Following Wednesday’s overtime loss to the Pacers, Knicks guard J.R. Smith left no question that he’s worried about the direction of his 3-8 team.
“Like you say, it’s too early to panic, but me, personally, I’m panicking. I don’t like this,” Smith said to reporters after the game. “If we’re going to be a championship-caliber team and call ourselves that, then we’ve gotta play like that. It can’t be no other way.”
With roughly 70 games left for each team before the unpredictable postseason, some might say that Smith is a bit premature. But when it comes to teams with championship aspirations, history indicates otherwise.
Since the 2000-01 season, only once has a team gone .500 or worse through 10 games and still made the NBA Finals. The Detroit Pistons started 5-5 in 2004-05 before regrouping and ultimately falling to San Antonio in the final round.
What’s more, no team has started below .500 and made the NBA Finals since the 1980-81 Houston Rockets, who staggered to a 4-6 record.
Most expected had already penciled in the Pacers and Spurs as playoff teams during the preseason. But considering each team is just months removed from falling in a Game 7 to the NBA champion Miami Heat, it’s an encouraging sign for fans to see eacah team avoiding a hangover to start the season.
That said, the slow-starting Knicks have a few factors potentially working in their favor.
New York plays in the Atlantic Division, where all five teams possess losing records. Aside from Toronto, which defeated the Wizards on Friday to maintain the division lead at 6-7, no team had even consecutive wins entering Saturday’s games, and three had at least four straight losses. As a result, New York was only two games out of first place.
Also, the Knicks are hampered by injuries to starters Raymond Felton and Tyson Chandler, much like the 3-9 Brooklyn Nets were without Deron Williams, Andrei Kirilenko, Brooks Lopez and Jason Terry for Friday’s 111-81 loss at Minnesota.
What’s more, the strength of schedule can vary greatly among teams through 10 games. The Pacers’ best start in 10 years was built against opponents with a combined record of 46-63.
Likewise, only one of the Trail Blazers’ first eight victories came against an opponent with a winning record. They defeated the Bulls, 98-95, on Friday to improve to 11-2, but that was the first test in a seven-game stretch that will also include Golden State, Indiana and Oklahoma City.
Perhaps then, those in Portland will know whether or not to pull out the panic button.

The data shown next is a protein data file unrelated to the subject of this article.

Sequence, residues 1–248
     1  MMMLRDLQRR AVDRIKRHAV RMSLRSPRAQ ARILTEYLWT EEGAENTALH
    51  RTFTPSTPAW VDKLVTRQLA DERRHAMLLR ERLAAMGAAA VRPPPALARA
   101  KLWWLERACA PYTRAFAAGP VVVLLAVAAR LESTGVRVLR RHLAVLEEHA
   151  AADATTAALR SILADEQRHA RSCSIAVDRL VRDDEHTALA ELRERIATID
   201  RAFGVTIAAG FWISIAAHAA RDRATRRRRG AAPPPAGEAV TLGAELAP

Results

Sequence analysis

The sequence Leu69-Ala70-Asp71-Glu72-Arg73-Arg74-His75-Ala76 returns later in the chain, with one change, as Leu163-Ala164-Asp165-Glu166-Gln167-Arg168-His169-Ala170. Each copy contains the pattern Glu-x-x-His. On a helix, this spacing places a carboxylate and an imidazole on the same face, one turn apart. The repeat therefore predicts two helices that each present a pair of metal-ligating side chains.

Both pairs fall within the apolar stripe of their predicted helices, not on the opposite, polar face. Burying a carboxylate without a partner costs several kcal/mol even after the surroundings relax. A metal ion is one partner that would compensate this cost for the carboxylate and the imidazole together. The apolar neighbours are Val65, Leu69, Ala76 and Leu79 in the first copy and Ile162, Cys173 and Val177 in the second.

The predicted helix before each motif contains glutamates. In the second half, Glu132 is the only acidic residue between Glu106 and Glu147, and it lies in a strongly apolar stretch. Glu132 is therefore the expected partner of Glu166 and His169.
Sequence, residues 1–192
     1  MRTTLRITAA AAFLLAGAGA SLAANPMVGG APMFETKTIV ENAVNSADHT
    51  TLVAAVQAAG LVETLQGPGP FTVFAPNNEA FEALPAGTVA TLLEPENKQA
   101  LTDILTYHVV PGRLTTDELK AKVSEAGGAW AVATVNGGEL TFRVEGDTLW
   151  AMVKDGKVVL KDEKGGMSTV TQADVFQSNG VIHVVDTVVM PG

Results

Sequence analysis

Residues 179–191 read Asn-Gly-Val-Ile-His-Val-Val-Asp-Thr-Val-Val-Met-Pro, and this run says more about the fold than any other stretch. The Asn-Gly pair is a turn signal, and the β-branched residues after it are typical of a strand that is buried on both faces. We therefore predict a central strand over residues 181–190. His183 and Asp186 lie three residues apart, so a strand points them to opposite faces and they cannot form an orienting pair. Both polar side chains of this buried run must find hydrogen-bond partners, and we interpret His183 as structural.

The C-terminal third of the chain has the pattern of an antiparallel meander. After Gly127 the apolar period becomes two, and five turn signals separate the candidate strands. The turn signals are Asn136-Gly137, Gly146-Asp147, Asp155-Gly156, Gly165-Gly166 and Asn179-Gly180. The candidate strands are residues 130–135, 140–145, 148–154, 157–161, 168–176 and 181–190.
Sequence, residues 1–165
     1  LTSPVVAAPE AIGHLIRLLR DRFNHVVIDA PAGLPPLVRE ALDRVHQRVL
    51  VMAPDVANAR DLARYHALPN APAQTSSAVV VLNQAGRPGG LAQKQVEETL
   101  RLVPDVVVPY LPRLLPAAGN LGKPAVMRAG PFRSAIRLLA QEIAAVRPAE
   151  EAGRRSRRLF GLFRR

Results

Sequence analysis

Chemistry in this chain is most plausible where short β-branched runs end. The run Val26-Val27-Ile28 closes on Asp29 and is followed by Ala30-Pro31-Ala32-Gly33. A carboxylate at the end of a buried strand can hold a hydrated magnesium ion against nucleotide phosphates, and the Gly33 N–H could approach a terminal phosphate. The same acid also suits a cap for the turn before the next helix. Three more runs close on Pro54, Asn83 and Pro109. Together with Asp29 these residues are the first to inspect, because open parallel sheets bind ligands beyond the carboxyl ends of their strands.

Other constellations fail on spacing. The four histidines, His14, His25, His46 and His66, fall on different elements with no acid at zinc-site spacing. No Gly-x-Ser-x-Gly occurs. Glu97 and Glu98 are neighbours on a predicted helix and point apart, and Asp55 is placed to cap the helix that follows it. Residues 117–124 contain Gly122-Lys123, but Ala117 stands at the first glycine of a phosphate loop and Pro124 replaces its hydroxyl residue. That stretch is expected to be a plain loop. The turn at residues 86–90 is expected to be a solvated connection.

Record after 10 games for previous NBA finalists
2012-13: Miami (champion) 7-3; San Antonio (runner-up) 8-2
2011-12: Miami 8-2; Oklahoma City 8-2
2010-11: Dallas 7-3; Miami 6-4
2009-10: Los Angeles Lakers 7-3; Boston 8-2
2008-09: Los Angeles Lakers 9-1; Orlando 7-3
2007-08: Boston 9-1; Los Angeles Lakers 7-3
2006-07: San Antonio 8-2; Cleveland 7-3
2005-06: Miami 6-4; Dallas 8-2
2004-05: San Antonio 8-2; Detroit 5-5
2003-04: Detroit 6-4; Los Angeles Lakers 8-2
2002-03: San Antonio 6-4; New Jersey 7-3
2001-02: Los Angeles Lakers 9-1; New Jersey 7-3
2000-01: Los Angeles Lakers 6-4; Philadelphia 10-0
BY THE NUMBERS
Consecutive double-doubles in points and assists recorded by Los Angeles Clippers guard Chris Paul to start the season through Thursday’s loss to Oklahoma City. Paul’s streak broke the previous record of 12 set by Magic Johnson in 1990-91.
Player efficiency rating of New Orleans Pelicans forward Anthony Davis entering Friday’s games, tops in the NBA according to Basketball Reference. Davis has shown no signs of a sophomore slump, averaging 21 points, 10.8 rebounds and four blocks per game.
“That’s not bad. Obviously I didn’t think when I first got here that 15, 16 years later, I’d be in the top 15 of scoring all-time, so it’s great.”
— Dallas Mavericks forward Dirk Nowitzki after passing Reggie Miller on Wednesday for 15th place on the all-time scoring list. Nowitzki entered Saturday’s game at Denver with 25,316 career points.
“I don’t want to be that group that says, ‘Okay, guys, let’s get to the second round and then we’re good.’ That’s too low for me expectation-wise.”
–Los Angeles Clippers Coach Doc Rivers following a frustrating loss to Oklahoma City on Thursday.